Syria suggests Israel might have planted suspect uranium
Syria suggested Thursday that nuclear material might have been planted on its territory by Israel - offering a new explanation for uranium traces found by the International Atomic Energy Agency, according to participants at an IAEA meeting.
Syria had claimed that a site bombed by Israel in 2007 was not a secret nuclear reactor and that the uranium traces found by IAEA inspectors stemmed from Israeli ammunition, DPA reported.
Addressing the IAEA Board of Governors, Syrian Ambassador Bassam Sabbagh spoke of "Israeli airplanes that have overflown that site and dropped things, and material," according to one of the participants recounting the remarks to the German Press Agency dpa.
"It's a slightly desperate charge, isn't it?" US Ambassador Glyn Davies told reporters after the meeting.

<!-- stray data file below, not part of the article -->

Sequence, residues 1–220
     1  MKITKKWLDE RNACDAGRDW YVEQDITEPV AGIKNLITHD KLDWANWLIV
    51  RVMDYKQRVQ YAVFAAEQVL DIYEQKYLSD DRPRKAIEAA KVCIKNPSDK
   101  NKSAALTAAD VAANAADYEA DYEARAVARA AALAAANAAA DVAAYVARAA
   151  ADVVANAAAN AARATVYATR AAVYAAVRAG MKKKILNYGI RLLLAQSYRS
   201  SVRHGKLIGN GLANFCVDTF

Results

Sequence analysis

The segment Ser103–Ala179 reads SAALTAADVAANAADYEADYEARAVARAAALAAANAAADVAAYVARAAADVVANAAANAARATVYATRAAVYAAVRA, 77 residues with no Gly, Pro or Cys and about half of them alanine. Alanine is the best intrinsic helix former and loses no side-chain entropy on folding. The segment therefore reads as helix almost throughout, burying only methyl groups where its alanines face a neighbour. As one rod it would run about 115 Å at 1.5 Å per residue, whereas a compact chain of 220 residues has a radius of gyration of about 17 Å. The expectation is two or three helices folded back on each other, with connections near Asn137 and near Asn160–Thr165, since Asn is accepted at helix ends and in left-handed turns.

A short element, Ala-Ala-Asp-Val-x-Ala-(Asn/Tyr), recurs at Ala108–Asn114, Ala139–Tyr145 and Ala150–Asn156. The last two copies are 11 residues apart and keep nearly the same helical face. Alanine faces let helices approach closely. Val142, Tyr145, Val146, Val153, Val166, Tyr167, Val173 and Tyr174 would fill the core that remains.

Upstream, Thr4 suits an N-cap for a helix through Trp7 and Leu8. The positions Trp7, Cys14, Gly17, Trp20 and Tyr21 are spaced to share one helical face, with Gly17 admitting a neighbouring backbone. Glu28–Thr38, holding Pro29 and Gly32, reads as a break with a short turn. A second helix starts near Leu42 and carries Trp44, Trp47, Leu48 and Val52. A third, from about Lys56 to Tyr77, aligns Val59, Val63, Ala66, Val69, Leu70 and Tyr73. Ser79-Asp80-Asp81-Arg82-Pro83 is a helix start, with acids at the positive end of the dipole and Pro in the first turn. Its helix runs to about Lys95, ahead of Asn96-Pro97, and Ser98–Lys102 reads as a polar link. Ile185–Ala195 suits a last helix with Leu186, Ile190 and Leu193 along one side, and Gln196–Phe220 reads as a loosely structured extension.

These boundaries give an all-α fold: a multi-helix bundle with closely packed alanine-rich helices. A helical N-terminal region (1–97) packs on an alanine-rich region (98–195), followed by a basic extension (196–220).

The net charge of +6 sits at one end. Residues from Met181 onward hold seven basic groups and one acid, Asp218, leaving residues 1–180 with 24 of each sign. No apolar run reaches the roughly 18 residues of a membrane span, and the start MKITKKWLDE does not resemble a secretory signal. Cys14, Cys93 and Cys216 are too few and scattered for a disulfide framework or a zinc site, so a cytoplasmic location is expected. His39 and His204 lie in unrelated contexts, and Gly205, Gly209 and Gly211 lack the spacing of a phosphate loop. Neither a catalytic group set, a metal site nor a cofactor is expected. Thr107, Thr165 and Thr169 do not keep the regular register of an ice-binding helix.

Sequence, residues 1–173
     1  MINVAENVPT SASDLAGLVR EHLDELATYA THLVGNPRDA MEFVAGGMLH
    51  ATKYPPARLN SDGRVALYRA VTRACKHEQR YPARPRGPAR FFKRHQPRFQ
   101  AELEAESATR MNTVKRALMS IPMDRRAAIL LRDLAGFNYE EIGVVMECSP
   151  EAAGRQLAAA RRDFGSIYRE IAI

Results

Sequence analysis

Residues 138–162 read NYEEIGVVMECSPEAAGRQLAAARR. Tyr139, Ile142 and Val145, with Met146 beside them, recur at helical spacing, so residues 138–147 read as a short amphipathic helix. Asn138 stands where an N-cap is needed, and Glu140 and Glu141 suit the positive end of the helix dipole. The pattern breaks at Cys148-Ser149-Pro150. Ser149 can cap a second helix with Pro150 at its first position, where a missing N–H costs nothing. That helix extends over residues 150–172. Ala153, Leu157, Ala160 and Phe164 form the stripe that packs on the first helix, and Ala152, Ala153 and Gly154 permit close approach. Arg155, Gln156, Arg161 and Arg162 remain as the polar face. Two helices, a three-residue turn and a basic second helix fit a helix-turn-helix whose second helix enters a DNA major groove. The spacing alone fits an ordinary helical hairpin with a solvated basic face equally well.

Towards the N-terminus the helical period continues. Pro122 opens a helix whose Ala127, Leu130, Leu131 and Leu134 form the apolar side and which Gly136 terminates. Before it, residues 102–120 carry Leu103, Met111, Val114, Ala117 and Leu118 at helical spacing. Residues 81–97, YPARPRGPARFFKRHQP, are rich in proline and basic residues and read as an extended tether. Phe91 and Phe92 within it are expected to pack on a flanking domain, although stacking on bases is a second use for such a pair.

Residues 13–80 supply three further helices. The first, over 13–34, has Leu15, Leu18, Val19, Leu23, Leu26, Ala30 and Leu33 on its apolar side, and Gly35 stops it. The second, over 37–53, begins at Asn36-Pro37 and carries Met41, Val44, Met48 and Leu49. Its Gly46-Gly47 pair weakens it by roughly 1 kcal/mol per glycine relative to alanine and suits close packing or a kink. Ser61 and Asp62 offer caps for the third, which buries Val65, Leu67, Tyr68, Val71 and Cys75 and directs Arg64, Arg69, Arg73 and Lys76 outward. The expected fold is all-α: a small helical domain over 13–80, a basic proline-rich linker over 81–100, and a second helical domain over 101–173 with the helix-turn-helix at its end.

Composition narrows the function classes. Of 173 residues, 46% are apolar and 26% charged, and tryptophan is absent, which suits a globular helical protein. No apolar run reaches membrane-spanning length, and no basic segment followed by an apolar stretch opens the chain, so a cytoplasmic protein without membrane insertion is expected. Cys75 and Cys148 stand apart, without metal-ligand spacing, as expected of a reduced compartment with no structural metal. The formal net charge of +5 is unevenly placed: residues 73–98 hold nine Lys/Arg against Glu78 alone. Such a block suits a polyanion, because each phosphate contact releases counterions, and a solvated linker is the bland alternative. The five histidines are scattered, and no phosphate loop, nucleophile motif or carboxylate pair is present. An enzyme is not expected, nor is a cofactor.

The IAEA has analysed samples taken at the bombed al-Kibar site in the Syrian desert, also known as Dair Alzour.
It judged in its latest report in February that "there is a low probability that the source of these particles was the use of missiles" and that the presence of the material pointed to possible nuclear activities.
Syria is currently not granting the IAEA access to locations, officials and documents that may shed more light on possible clandestine nuclear activities.
At the IAEA board, the US and the EU urged the government in Damascus to cooperate with the nuclear agency.
The more the IAEA uncovers, "the more Syria has tried to actively hinder the agency's investigation," US envoy Davies said.
The board did not take any formal action, such as issuing a resolution condemning Syria, as diplomats said that the IAEA was still in the process of seeking further inspections.
Nuclear inspectors had asked to visit Syria on February 23, but were denied due to scheduling problems.